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Thursday, October 16, 2008

Even when you follow all the rules for cold and flu prevention, there's still a chance you or a family member could get sick. So how do you help relieve the symptoms and start feeling good again?

Feel Better Fast

Drink more fluids, especially water. Try to consume 6 to 8 glasses a day to prevent dehydration and help flush out illness-causing bacteria from your system. Also, drink some orange juice for vitamin C and herbal tea to calm hurting throats.
Take a hot bath or shower. The steam is both comforting and a great decongestant for stuffy noses.
Eat potent foods like garlic, ginger, and spicy dishes to clear up sinuses.
Honey is excellent for sore throats. Take it with tea, mix with hot water and lemon, or eat a few spoonfuls alone.
Take supplements as needed to make sure you are getting the recommended dietary allowances for vitamin A, the vitamin B complex, and vitamin C, as well as the minerals zinc and copper.
Grapefruit is a great food for fighting a cold. It's high in vitamin C and also helps detoxify the liver, which helps to promote a healthy immune system.

First it's the sniffles, and then coughing and sneezing. Before you know it, your whole family is suffering. But this cold and flu season, you can help protect your family from getting sick. Learn the facts, like what causes colds and the flu, and the best ways to prevent the spread of germs in your household, and you can help keep your family happy and healthy all season.

Prevention is Key

What Causes Colds and the Flu?
A major cause of the common cold is rhinovirus, which is primarily transmitted by touching contaminated surfaces or other people's hands and then touching your eyes and nose. According to the Visiting Nurse Associations of America (VNAA), more than 100 types of rhinoviruses cause problems year-round, but especially in the early fall months when school is back in session and they can spread much more easily.

Influenza, also called the flu, is a contagious acute viral disease of the respiratory tract. The flu typically spreads through airborne droplets produced by cough and sneezing, but can also be transmitted through direct contact with germs, just like colds.

What Can You Do About It
Disinfect Where Germs Live

New research shows your home may be germier than you think. The study and survey come from the Hygiene Council (funded by Reckitt Benckiser, the makers of LYSOL® Brand products). Researchers visited 35 U.S. homes, swabbing for bacteria in 32 locations in each home. Out of the 32 places in the home, the top spots for bacteria are the toilet bowl, kitchen drain, kitchen sponge or counter-wiping cloth, bathtub, and kitchen sink. Read more. (Source: WebMD)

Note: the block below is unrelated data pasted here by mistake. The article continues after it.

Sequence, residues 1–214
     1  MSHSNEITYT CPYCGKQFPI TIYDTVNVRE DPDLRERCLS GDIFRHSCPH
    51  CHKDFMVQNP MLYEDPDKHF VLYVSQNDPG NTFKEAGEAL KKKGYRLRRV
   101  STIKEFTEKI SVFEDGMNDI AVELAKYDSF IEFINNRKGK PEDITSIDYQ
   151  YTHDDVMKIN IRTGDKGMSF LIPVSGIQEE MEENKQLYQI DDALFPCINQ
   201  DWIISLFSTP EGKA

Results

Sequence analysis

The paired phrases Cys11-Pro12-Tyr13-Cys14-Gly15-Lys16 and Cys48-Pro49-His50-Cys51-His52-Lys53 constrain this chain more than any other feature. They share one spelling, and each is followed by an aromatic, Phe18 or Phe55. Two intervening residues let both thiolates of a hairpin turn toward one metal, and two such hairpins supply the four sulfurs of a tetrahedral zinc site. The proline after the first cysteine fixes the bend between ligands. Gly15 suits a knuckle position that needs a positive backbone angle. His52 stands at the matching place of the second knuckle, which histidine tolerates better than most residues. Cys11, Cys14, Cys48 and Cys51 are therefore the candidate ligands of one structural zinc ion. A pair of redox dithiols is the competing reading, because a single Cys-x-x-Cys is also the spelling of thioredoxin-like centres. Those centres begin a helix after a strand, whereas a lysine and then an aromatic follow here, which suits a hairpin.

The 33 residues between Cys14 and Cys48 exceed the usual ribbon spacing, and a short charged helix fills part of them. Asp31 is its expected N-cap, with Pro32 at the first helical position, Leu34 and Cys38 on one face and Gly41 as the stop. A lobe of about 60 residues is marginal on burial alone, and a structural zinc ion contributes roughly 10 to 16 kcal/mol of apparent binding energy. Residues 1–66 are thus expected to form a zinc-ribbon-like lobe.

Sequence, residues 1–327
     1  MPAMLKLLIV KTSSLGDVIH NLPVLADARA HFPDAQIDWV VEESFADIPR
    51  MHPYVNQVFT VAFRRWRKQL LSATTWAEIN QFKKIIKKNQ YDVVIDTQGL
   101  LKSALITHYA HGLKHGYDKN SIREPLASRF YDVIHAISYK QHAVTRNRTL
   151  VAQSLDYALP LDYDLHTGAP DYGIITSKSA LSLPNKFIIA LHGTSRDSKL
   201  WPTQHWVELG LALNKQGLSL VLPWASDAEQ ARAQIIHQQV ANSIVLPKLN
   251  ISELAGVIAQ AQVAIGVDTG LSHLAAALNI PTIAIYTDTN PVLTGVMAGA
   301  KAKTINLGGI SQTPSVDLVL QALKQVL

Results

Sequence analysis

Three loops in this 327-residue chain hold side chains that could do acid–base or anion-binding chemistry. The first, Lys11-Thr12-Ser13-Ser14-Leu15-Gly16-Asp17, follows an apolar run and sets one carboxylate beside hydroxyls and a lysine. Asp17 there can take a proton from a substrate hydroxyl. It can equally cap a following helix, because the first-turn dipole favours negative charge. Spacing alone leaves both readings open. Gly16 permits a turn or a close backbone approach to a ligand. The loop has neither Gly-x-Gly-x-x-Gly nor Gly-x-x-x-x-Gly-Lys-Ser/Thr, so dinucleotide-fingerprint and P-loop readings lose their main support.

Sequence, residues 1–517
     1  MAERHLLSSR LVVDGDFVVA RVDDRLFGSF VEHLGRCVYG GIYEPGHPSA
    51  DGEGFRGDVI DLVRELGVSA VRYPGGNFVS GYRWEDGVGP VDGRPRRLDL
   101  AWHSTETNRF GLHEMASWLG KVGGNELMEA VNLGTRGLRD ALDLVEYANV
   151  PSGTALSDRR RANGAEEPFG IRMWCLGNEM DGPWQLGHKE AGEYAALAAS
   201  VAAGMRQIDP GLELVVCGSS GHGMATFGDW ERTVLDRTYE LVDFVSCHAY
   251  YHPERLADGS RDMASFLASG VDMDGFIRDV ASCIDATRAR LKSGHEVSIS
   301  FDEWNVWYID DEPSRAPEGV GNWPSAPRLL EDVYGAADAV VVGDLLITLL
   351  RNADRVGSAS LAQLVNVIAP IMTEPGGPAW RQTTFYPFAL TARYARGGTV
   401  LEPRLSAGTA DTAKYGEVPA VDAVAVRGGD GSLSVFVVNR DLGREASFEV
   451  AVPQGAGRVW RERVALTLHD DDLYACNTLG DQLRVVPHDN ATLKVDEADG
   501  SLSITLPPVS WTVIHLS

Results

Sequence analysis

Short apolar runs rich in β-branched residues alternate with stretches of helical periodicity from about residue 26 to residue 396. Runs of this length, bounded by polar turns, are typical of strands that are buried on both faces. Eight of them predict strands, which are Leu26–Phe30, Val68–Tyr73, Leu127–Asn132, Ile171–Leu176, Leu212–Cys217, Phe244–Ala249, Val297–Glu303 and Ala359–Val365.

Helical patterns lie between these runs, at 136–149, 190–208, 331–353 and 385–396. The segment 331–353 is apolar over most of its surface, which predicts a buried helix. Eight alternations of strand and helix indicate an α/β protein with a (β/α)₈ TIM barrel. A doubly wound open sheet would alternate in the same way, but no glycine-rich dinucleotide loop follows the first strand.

LYSOL Disinfectant Spray, LYSOL Disinfecting Wipes, LYSOL Disinfectant Spray To GoGerms can survive for up to three hours on household surfaces like kitchen counter tops, sinks, and phone receivers. Use LYSOL Disinfectant Spray to kill germs and bacteria and get rid of nasty viruses that can cause the spread of colds and the flu.
Even when you don't have a lot of time to clean up, you can easily disinfect surfaces with LYSOL Disinfecting Wipes—just a few quick swipes will kill bacteria in your home.
You can still ward off illness-causing germs when you're on the go with the help of LYSOL Disinfectant Spray To Go, a compact 1-ounce travel size disinfectant spray. It's perfect for use in public restaurants and bathrooms, hotels, and gyms.

Wash Your Hands Often

Germs spread most easily through hand-to-hand contact, so stress the importance of regular hand washing to your family. Wash hands before every meal, after using the bathroom, and after touching doorknobs or railings in public places. Always wash hands with warm water and soap for at least 20 seconds to eliminate the most germs.
When water isn't readily available, use an alcohol-based hand sanitizer. According to the Centers for Disease Control and Prevention (CDC), hand sanitizers can help remove germs and reduce the risk of colds and respiratory illnesses.

Practice Safe Habits

Try to steer clear of other people who have colds or the flu—close contact with them is the easiest way to become ill. Talk to the parents of your kids' good friends to find out if they're already sick. If they are, have your kids skip their regular play dates and scheduled outings for a week or two.
Avoid putting your hands near your eyes, nose, and mouth to prevent infections that lead to colds and the flu.
Get plenty of rest. Fatigue can reduce immune functioning, making you much more susceptible to sickness.
For some people, getting a flu shot can be an essential precaution. Young children, adults over 60, pregnant women, and those with chronic medical conditions are encouraged to get the flu vaccine. Ask your doctor or find out more on the CDC Web site at CDC


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